“You’re in my dream. I designed every part of this place. Not a theme park, but an entire world”
So, let’s talk about Westworld. There’s only two episodes left of season one, and a quick Google search will tell you more than you need to know about the number of loose ends and untied threads that are keeping viewers interested. It’s become one of those shows that thrives off of the mystery, and explicitly fuels the collective investigatory powers of the internet with their sights set on decoding the mysteries that it continues to offer, while it seems to be hiding many of its secrets in plain sight—for those quick enough to catch them and post them to Reddit.
What I want to talk about is one thing in particular that Westworld seems to be hiding in plain sight: that the show appears to be exposing the ways in which, until now, “the West” was written under a very specific kind of control, and about and for particular characters.
Video game promotion is one of the things that most interests me: how what a game could or should be is communicated to those who are even vaguely interested before the game even hits shelves. There’s lots of different things that usually get mentioned— its story, how the game pushes the medium forward…basically, what’s new. But sometimes game promotion heavily relies on telling people what’s old; more specifically, what’s historical.
And if there’s two things that Mafia III has promoted more heavily than anything else it’s the game’s unique narrative perspective (contained in its supposedly next generation open-world), and its attention to historical detail and authenticity.
I go to the cinema as often as I can but of late I rarely get interested or excited enough about a film to remember what I’ve seen a few days later, let alone want to blog about it (Case in point: Saw Woody Allen’s Cafe Society on Wednesday, was charmed enough at the time, but had forgotten about it by this weekend).
It’s something of an exception then to see a film that genuinely makes me leave the cinema wanting to talk about it, let alone wanting to go home and furiously Google it. The Childhood of a Leader is one of those films.
In many ways, this is a part II to a previous blog on Fallout 4‘s Nick Valentine, and how codes and conventions of well-known, distinctly American cinematic genres—in that case the crime/noir/detective film—are often used as access points through which many video games reinterpret and represent the past. Here, I want to briefy talk about the new (and final) addition to the Fallout 4 universe, the Nuka World DLC pack, and how it similarly pays reference to the western genre (something that I’ve been looking at in my current PhD research too).
But first, I want to start with my first impressions of the DLC more, since I’ve more or less ended up entirely hating all of the others.
Videogames with historical (or counter-historical) settings often mimic and recreate popular media images of the ‘real world’ as the basis for their virtual environments. Of course, this is a necessity for texts which consciously try to build highly detailed, immersive and interactive virtual landscapes, depicting ‘the past’, in an effort toward facilitating ‘authentic’ player experiences.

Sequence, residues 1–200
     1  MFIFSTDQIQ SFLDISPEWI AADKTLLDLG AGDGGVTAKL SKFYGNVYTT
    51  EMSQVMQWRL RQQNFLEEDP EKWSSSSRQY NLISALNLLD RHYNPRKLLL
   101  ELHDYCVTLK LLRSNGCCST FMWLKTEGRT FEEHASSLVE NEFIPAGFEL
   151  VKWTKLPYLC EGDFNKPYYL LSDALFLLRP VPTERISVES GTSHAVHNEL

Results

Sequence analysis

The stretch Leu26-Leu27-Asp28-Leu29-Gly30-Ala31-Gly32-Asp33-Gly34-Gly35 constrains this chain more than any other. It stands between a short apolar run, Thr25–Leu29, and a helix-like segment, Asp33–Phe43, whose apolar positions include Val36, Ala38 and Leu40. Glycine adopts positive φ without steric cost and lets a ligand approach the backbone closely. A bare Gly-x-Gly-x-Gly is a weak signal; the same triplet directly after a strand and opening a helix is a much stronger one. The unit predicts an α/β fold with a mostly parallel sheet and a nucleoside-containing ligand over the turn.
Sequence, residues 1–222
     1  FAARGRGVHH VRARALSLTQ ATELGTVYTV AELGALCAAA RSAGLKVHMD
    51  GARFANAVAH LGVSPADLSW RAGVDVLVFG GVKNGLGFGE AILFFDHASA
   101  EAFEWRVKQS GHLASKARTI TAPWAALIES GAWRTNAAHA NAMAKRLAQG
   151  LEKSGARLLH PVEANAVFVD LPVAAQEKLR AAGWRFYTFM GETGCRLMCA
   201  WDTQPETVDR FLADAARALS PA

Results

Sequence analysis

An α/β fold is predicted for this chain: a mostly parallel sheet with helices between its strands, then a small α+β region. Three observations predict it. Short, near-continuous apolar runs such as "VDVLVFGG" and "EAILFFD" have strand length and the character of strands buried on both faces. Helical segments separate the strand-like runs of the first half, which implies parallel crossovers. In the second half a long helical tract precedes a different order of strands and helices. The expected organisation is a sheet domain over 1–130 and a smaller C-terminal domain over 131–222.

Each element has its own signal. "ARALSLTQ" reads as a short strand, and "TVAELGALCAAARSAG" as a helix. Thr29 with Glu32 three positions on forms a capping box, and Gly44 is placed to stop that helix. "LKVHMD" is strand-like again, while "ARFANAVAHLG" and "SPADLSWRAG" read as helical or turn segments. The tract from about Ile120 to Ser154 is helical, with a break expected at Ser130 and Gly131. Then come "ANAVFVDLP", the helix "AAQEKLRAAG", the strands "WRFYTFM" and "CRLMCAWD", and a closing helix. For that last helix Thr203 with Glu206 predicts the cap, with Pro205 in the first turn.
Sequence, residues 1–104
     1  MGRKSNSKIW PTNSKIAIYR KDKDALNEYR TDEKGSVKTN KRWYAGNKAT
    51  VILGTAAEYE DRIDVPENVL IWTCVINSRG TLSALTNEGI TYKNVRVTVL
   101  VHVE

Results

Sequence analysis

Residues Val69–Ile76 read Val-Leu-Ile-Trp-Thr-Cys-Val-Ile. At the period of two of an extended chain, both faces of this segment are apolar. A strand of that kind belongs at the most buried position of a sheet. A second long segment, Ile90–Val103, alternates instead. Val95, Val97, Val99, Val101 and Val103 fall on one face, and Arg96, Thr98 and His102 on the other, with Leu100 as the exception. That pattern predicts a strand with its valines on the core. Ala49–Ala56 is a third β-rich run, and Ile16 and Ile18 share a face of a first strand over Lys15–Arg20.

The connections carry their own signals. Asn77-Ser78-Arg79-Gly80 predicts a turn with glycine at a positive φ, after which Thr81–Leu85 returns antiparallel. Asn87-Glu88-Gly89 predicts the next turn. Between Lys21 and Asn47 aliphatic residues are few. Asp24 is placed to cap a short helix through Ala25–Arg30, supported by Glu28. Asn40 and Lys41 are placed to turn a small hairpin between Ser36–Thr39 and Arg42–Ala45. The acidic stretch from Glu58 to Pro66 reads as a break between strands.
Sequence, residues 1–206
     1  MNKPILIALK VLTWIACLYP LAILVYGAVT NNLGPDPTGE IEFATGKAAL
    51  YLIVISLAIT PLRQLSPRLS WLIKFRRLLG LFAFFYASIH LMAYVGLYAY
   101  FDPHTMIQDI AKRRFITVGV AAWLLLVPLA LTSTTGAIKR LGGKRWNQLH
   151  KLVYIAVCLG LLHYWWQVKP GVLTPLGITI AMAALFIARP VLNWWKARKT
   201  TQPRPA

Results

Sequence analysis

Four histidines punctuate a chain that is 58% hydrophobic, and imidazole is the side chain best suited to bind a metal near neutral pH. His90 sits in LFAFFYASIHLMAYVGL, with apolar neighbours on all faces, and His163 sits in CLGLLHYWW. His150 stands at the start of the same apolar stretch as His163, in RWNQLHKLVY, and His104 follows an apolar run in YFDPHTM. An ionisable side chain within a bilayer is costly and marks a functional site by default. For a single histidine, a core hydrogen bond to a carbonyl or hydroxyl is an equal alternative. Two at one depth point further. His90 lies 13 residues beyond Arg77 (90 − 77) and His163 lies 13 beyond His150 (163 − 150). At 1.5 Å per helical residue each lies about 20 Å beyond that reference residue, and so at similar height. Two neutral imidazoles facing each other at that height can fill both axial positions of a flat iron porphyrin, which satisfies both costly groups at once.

But though a technologically advanced and unquestionably postmodern medium, many contemporary video game creators also recreate and utilise ‘old media’ materials, placing these texts and items in-game to be collected or accessed by players.
Clearly, I’m a collector (Fallout 4)
“Well, that’s some real solid detective work”
– Nick Valentine, ‘Getting a Clue’
In a recent review of Black Mass published in The Independent, the writer argued that ‘Hollywood was always going to make a film about the life and crimes of James “Whitey” Bulger’. Hardly an entirely new ‘story’, it’s already been the inspiration for Showtime’s Brotherhood (2006-2008). Now the story of the ‘notorious US mob boss’ who ran South Boston with the Winter Hill Gang has also made its way (allegorically) into the Boston depicted in Fallout 4, as have the codes and conventions of the detective/mobster genre, through the storyline of Detective Nick Valentine and his pre-war mobster nemesis, Eddie Winter.
Filed under Film, Games, history
This blog post follows from the previous, general look at the use of the past in Bethesda’s Fallout series, and more specifically, the repeated reference to and use of American historical memory as the foundation for alternate-history narratives. Here, one Fallout 4 quest is discussed at in more detail, ‘Road to Freedom’.
Chris Sullentrop of Kotaku already blogged about ‘Approaching Fallout 4 like a tourist’, and how this one quest in particular allows the player to ‘role-play’ as one. But there is arguably more to the use of these historic sites than giving players the chance to be tourists.
(Trying to keep spoilers to a minimum, but obviously, for this quest in particular, they’re unavoidable).
Filed under Games, history